Understand the Impact of Replanting
There is a long list of reasons why it is important to keep America’s forests healthy.
180 million Americans depend of forest watersheds for their drinking water. The natural water filtration trees provide can lower costs associated with drinking water treatment.
Trees remove pollution from the atmosphere, improving air quality.
Large populations of wildlife rely on forests for food, cover and water.
Endangered and Threatened Species Habitat
National forests provide habitat for one-third of all federally listed threatened or endangered species.
Trees reduce the effects of erosion caused by water and wind.
Forests reduce floods, minimizing sediment, nitrates and phosphorus runoff into critical waterways.
Areas that were deforested for mining, agriculture, lumber, etc., can be returned to their original forested state.
Trees help improve water quality in streams, rivers and lakes and also protect these waterways from the impact of adjacent land uses. In addition, riparian forests regulate water temperatures for many critical aquatic species.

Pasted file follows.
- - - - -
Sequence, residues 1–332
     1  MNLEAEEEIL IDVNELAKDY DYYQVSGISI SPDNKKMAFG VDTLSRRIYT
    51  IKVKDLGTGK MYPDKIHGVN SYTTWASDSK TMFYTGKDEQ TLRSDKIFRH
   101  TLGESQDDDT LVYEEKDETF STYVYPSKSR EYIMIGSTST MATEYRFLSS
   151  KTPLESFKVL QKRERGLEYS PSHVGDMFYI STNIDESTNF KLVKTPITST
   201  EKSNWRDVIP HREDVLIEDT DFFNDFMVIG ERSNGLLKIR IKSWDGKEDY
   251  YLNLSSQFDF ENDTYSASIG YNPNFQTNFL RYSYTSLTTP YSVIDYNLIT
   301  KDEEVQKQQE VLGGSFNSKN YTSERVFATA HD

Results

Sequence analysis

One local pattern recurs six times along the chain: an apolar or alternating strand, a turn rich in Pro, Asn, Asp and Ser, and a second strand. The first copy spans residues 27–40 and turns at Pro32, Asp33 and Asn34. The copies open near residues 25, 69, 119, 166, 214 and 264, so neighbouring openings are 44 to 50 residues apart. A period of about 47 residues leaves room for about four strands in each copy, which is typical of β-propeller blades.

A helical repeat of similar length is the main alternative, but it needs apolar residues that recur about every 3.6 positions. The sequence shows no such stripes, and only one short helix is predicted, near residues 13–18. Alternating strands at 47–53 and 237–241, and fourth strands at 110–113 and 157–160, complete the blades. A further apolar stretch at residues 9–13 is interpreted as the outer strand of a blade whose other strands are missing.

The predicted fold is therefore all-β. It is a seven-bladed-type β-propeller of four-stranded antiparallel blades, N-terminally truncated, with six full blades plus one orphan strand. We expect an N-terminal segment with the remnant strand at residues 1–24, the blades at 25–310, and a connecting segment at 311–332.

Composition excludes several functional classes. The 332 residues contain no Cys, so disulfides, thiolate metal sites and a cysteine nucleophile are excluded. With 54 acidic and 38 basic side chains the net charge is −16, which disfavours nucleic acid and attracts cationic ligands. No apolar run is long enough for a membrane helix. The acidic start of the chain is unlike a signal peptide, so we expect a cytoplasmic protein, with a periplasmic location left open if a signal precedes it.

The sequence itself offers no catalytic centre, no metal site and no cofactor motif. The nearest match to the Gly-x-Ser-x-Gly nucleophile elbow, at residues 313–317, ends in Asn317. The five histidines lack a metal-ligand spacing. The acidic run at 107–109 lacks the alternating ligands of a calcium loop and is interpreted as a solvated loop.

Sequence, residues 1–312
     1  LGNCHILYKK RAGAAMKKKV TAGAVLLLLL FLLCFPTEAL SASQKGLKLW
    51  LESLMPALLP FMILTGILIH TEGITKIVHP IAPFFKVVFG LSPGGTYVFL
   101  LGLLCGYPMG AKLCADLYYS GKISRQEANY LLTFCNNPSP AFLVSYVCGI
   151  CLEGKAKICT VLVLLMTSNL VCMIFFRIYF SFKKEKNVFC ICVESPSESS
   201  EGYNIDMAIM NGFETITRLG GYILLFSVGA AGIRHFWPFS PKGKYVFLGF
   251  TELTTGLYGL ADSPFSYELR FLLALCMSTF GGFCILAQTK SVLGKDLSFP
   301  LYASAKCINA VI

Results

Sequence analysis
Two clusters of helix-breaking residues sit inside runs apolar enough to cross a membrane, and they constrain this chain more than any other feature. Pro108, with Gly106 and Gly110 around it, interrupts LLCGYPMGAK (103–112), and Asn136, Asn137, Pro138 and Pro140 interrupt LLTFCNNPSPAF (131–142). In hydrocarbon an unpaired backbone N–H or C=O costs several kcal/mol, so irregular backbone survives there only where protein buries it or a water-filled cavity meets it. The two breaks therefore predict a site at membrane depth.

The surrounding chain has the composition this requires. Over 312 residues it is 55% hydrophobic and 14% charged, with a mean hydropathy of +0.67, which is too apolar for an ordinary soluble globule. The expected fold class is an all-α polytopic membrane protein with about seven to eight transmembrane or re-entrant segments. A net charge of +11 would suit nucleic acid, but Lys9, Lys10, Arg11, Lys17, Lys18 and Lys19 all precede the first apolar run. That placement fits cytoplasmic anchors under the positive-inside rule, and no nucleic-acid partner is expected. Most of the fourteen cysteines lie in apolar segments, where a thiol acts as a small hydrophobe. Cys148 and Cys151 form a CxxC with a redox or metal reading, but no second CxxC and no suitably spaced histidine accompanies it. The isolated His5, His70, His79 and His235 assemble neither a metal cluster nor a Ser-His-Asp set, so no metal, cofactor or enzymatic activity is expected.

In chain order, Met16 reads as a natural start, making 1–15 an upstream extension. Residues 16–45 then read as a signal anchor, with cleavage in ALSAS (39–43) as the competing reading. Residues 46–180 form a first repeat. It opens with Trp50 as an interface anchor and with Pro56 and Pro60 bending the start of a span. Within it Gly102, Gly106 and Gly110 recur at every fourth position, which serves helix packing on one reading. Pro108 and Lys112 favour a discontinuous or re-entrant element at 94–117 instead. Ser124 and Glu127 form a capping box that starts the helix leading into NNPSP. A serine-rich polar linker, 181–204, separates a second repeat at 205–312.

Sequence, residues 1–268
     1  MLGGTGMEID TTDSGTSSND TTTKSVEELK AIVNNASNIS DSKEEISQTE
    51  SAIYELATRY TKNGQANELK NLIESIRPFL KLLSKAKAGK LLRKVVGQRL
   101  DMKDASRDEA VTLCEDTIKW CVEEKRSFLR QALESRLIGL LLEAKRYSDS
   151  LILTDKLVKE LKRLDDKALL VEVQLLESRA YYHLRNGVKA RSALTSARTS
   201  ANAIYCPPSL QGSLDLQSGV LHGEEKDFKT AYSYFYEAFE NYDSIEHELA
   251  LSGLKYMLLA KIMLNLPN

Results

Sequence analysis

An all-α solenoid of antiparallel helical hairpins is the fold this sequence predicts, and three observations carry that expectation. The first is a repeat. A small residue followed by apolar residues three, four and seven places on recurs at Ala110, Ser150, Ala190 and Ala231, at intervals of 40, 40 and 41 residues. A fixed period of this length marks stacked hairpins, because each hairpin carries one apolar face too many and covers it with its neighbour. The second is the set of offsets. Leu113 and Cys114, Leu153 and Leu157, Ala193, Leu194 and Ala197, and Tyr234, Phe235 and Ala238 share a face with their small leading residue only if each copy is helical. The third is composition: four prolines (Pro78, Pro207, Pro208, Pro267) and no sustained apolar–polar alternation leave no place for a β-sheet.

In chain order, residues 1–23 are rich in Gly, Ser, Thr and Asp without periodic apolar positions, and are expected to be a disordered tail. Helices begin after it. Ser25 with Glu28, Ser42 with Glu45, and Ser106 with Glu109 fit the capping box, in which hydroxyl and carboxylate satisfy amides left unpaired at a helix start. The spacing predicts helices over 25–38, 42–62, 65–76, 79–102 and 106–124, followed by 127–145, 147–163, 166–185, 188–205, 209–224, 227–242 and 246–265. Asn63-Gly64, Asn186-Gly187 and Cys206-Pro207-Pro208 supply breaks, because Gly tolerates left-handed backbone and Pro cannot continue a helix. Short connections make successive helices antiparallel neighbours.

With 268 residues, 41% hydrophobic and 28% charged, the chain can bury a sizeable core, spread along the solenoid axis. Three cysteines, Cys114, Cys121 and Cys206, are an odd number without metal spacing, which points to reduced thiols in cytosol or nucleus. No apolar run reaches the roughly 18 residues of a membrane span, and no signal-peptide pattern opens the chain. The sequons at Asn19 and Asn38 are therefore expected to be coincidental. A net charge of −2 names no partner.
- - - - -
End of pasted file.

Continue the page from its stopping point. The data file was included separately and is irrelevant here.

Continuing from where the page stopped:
National forests sequester more than 50 million metric tons of carbon each year. This helps to combat climate change.
Future Seed Source
Large-scale reforestation provides a future seed source in areas of high mortality and severe burn.
Forests sustain revenue-generating recreation and tourism opportunities. In fact, national forests saw an estimated 160 million recreation visits in 2012.
Forest restoration and maintenance means the creation of new jobs as well as the sustainability of existing jobs.
Volunteers are the heartbeat of the Forest Service. Many and varied types of work are available, from office support to vigorous, outdoor physical labor. Part time, full time, seasonal, and even year-round volunteer positions are available around the country - maybe very close to where you live.
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